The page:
The science is complex but the facts are clear. The world needs to take steps to limit temperature rises to 2C, an aim that will require global emissions to peak and begin falling within the next 5-10 years. A bigger rise of 3-4C — the smallest increase we can prudently expect to follow inaction — would parch continents, turning farmland into desert. Half of all species could become extinct, untold millions of people would be displaced, whole nations drowned by the sea. The controversy over emails by British researchers that suggest they tried to suppress inconvenient data has muddied the waters but failed to dent the mass of evidence on which these predictions are based.

Few believe that Copenhagen can any longer produce a fully polished treaty; real progress towards one could only begin with the arrival of President Obama in the White House and the reversal of years of US obstructionism. Even now the world finds itself at the mercy of American domestic politics, for the president cannot fully commit to the action required until the US Congress has done so.

But the politicians in Copenhagen can and must agree the essential elements of a fair and effective deal and, crucially, a firm timetable for turning it into a treaty. Next June’s UN climate meeting in Bonn should be their deadline. As one negotiator put it: “We can go into extra time but we can’t afford a replay.”

At the deal’s heart must be a settlement between the rich world and the developing world covering how the burden of fighting climate change will be divided — and how we will share a newly precious resource: the trillion or so tonnes of carbon that we can emit before the mercury rises to dangerous levels.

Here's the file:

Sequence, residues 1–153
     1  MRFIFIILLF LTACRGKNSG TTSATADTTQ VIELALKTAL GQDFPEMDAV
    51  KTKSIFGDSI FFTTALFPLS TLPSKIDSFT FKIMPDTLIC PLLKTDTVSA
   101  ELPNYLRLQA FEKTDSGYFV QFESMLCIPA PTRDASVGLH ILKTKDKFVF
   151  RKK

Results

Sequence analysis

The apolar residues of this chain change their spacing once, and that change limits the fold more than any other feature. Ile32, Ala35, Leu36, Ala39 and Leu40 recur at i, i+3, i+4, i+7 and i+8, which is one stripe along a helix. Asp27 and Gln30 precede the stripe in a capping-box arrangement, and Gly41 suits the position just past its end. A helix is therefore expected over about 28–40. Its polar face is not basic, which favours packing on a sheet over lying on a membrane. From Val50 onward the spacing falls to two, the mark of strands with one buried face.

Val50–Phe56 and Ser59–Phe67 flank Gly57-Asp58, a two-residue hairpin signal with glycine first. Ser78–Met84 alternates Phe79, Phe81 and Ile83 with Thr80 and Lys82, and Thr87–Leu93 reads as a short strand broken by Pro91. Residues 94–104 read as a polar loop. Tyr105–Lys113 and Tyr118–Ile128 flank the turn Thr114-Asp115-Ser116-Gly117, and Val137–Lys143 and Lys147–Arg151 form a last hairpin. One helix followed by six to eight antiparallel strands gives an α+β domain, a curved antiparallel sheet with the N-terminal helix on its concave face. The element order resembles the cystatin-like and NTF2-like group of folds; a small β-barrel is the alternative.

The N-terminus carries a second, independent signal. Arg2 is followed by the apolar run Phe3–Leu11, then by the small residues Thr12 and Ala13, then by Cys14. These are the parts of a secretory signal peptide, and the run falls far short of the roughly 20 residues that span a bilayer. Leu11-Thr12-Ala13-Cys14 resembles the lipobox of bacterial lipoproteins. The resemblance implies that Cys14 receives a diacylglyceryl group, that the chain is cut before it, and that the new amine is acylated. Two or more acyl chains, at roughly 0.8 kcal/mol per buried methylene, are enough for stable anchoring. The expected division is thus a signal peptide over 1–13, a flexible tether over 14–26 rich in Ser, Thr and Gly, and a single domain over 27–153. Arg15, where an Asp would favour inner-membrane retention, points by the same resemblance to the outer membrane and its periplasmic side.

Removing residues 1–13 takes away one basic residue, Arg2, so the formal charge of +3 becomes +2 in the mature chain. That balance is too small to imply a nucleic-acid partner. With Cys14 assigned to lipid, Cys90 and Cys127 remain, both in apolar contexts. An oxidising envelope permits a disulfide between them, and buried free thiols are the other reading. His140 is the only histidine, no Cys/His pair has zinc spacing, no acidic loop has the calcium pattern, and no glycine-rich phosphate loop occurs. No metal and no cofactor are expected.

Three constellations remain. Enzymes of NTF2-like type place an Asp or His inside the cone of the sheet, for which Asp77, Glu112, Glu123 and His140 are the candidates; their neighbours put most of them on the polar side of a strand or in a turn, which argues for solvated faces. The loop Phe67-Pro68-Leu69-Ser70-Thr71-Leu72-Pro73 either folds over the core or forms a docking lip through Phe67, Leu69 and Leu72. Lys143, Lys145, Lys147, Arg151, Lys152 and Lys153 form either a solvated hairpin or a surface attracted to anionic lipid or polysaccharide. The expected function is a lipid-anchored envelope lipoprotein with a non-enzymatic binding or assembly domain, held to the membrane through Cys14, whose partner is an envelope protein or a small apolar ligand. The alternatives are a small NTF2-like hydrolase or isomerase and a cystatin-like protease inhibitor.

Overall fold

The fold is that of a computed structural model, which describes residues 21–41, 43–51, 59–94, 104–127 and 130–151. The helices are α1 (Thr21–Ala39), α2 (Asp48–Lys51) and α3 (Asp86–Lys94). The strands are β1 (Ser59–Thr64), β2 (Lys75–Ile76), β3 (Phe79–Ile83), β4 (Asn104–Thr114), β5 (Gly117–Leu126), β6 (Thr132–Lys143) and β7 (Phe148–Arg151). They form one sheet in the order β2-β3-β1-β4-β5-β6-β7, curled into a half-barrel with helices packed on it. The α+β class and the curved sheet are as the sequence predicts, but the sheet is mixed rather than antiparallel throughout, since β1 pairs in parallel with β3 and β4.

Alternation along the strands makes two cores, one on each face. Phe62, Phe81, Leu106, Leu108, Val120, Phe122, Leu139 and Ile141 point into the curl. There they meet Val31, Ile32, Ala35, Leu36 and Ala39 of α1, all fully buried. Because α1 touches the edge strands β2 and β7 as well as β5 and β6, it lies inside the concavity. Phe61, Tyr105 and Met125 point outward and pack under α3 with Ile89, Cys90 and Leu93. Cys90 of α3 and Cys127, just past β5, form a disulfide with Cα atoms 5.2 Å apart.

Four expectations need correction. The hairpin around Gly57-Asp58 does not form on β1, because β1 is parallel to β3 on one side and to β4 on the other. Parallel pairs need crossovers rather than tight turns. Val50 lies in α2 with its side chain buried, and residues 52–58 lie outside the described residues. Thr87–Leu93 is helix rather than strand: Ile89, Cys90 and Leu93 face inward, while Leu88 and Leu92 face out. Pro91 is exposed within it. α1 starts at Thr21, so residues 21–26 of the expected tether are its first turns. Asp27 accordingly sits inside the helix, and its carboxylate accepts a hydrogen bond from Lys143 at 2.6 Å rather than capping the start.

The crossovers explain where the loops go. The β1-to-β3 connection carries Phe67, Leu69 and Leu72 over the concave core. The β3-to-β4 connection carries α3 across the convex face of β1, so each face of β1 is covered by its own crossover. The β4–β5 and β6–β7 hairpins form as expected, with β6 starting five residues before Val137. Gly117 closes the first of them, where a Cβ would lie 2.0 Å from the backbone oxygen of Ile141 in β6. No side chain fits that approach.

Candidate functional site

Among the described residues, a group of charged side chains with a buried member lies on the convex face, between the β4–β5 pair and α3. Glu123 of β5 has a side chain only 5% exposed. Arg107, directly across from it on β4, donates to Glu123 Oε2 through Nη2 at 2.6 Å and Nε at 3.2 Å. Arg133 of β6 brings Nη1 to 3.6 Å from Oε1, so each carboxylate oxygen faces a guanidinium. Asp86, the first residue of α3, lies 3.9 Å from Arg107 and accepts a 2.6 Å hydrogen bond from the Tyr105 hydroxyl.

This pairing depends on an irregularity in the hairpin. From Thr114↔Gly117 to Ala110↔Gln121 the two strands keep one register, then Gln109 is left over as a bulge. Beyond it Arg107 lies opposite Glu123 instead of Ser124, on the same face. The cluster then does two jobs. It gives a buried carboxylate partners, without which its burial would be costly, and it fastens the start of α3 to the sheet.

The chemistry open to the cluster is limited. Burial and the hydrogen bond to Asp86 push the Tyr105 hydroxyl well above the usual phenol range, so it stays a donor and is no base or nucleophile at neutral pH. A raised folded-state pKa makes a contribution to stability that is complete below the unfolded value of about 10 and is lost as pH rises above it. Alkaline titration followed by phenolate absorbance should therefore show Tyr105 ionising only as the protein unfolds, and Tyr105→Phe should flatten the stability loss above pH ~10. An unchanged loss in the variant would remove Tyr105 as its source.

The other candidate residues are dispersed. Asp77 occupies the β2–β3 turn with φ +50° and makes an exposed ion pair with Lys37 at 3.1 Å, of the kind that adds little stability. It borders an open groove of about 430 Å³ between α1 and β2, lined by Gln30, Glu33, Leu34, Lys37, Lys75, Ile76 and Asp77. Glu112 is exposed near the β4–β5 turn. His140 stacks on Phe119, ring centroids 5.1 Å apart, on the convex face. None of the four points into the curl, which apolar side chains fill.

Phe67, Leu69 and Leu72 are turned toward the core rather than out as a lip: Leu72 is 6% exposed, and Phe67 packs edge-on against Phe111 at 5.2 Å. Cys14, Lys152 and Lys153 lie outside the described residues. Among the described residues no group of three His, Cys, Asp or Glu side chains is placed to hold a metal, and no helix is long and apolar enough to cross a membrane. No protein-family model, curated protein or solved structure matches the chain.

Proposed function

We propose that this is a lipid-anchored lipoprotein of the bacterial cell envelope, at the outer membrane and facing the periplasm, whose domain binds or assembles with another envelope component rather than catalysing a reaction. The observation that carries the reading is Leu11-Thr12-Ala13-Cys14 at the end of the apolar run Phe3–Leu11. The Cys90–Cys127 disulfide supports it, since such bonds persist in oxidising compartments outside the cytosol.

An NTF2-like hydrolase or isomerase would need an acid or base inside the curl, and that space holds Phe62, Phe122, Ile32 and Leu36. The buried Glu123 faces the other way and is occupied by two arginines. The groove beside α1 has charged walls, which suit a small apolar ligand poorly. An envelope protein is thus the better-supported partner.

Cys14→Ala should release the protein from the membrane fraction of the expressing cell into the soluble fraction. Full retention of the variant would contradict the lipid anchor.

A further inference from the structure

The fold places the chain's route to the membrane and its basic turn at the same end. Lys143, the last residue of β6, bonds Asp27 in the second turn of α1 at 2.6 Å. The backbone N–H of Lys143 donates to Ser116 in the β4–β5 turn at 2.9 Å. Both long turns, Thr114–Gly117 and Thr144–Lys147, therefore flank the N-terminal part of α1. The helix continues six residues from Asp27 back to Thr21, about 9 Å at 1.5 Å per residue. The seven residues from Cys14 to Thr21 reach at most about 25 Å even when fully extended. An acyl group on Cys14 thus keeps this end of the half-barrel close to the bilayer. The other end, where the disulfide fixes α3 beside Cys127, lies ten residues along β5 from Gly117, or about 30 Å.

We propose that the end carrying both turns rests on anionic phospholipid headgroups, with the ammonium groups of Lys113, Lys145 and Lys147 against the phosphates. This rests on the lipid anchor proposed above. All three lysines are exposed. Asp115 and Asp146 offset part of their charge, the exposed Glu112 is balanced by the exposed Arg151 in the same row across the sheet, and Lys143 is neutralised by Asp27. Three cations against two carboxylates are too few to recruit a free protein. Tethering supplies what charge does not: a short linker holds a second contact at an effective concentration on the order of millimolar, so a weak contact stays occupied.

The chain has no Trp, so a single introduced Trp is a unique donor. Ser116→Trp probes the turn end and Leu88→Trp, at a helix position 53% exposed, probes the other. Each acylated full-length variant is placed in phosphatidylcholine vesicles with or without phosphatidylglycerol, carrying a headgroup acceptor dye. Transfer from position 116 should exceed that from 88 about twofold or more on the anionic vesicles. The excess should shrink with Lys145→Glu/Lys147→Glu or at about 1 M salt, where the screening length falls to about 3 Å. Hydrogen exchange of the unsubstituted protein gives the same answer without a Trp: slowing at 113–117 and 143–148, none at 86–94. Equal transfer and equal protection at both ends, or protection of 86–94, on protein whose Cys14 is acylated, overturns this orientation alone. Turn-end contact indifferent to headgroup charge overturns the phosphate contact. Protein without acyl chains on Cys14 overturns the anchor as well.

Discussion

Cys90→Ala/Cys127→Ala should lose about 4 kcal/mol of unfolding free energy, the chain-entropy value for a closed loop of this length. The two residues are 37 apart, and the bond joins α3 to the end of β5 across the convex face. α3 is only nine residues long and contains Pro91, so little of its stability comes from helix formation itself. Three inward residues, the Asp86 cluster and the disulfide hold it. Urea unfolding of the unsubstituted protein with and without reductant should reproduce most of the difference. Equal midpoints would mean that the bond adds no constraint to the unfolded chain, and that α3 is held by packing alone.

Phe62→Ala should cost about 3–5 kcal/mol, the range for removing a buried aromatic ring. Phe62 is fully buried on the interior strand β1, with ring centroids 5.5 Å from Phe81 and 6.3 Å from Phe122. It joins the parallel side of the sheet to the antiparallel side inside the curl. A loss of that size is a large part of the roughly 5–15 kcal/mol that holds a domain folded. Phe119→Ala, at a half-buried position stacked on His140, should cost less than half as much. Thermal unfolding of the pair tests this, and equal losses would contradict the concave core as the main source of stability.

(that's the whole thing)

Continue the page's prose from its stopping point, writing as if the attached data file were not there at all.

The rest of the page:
Rich nations like to point to the arithmetic truth that there can be no solution until developing giants such as China take more radical steps than they have so far. But the rich world is responsible for most of the accumulated carbon in the atmosphere – three-quarters of all carbon dioxide emitted since 1850. It must now take a lead, and every developed country must commit to deep cuts which will reduce their emissions within a decade to very substantially less than their 1990 level.

Developing countries can point out they did not cause the bulk of the problem, and also that the poorest regions of the world will be hardest hit. But they will increasingly contribute to warming, and must thus pledge meaningful and quantifiable action of their own. Though both fell short of what some had hoped for, the recent commitments to emissions targets by the world’s biggest polluters, the United States and China, were important steps in the right direction.